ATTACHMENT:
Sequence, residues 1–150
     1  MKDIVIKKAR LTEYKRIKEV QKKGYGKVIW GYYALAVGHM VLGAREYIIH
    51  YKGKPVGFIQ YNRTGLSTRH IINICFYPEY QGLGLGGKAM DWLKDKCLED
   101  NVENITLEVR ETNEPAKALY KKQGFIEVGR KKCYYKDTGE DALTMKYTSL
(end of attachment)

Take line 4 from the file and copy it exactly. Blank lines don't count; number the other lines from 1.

   101  NVENITLEVR ETNEPAKALY KKQGFIEVGR KKCYYKDTGE DALTMKYTSL